(CNN) - As President Barack Obama prepared to be sworn in on inauguration weekend, the White House continued to promise diversity as the president formulates his second term Cabinet.
"His Cabinet when he's finished - and he's far from finished - will have diversity including women, including people of color," Obama senior adviser Valerie Jarrett told CNN's chief national correspondent John King and chief political analyst Gloria Borger from the White House shortly before Obama took the Oath of Office.
Watch CNN's comprehensive coverage of President Barack Obama’s second inauguration on CNN TV and follow online at CNN.com or via CNN’s apps for iPhone, iPad and Android. Follow our real-time Inauguration Day live blog at cnn.com/conversation. Need other reasons to watch inauguration coverage on CNN's platforms? Click here for our list.
The president has come under fire for, thus far, nominating mostly white men to cabinet positions. A White House released photo of Obama meeting with advisers, mostly white men, drew further criticism when it ran in the New York Times. The White House released another photo of the president meeting with a more diverse group of staffers.
One of his most trusted aides, Jarrett said in this case "One picture does not speak a thousand words."
"He believes he makes his best decisions when he is surrounded by people who have different perspectives and give him their best ideas," she said. "I spent a lot of time in the Oval Office and I'm in there with a great number of women who he listens to and whose council and advice he trusts greatly."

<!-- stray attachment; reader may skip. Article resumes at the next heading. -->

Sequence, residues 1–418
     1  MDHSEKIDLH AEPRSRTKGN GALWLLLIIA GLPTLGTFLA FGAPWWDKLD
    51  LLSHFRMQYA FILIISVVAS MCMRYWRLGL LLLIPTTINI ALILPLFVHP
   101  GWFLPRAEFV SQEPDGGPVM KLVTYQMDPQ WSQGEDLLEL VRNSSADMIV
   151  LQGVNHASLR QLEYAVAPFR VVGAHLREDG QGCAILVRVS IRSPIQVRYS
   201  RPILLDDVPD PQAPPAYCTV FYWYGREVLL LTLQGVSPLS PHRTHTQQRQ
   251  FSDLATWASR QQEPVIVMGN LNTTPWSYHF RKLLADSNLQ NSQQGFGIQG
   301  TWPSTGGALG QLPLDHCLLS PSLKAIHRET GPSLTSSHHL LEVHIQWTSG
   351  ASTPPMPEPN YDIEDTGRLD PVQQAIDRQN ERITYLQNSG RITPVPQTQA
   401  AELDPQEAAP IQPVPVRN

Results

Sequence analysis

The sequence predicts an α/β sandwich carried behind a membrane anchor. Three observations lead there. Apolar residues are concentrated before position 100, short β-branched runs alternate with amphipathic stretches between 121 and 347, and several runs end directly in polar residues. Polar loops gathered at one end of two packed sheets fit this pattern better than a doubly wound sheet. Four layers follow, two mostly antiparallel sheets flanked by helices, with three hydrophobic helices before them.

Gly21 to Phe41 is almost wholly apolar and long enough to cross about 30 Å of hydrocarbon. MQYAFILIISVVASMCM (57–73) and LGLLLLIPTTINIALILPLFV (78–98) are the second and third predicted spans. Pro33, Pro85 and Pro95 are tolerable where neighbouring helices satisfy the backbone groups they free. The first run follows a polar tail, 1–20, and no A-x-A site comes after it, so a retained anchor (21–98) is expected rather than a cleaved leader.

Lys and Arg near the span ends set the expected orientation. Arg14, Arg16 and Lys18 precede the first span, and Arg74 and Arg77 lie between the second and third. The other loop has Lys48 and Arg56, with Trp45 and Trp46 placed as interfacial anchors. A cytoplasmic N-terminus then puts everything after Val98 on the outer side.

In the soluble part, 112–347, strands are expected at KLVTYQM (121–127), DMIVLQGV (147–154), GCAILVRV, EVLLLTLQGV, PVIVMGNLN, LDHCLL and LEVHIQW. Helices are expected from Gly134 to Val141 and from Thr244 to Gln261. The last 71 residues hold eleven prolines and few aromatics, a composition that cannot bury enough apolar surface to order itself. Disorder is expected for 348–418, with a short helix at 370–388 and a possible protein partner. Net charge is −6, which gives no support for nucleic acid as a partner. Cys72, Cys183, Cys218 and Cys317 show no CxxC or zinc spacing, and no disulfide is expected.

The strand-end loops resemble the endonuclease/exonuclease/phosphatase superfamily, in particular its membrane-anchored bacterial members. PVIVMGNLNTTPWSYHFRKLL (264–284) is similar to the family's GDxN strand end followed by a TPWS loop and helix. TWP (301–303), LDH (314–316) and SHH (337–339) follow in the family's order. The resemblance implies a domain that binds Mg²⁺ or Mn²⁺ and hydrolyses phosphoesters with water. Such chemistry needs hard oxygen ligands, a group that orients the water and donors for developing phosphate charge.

"The president has been surrounded by strong women throughout his entire life; raised by a single mom; lived for a while with his grandmother who was a great role model for him, obviously married to a very competent wife and his first Cabinet reflected the diversity of our country," she said.
Jarrett pointed to both Nancy-Ann DeParle, Obama's deputy chief of staff, who helped craft the president's signature healthcare initiative in his first term and Health and Human Services Secretary Kathleen Sebelius, in charge of the Affordable Care Act's implementation in the president's second term, as examples of women taking on major roles within the administration.
Since winning re-election Obama has made a number of high-profile nominations for cabinet posts, including Massachusetts Sen. John Kerry for secretary of state to replace Hillary Clinton who has said she will leave her post in the administration.
Originally, U.S. Ambassador to the United Nations Susan Rice was considered a favorite for the position but withdrew her name following intense criticism for her initial comments on the handling of the September attack on the U.S. mission in Benghazi, Libya.
Former Sen. Chuck Hagel has been tapped for secretary of defense, White House Chief of Staff Jack Lew has been nominated to be secretary of the treasury and chief counterterrorism adviser John Brennan is Obama's choice to head the C.I.A. All three of these positions were headed by men in Obama's last term.
CNN's Kevin Liptak contributed to this report.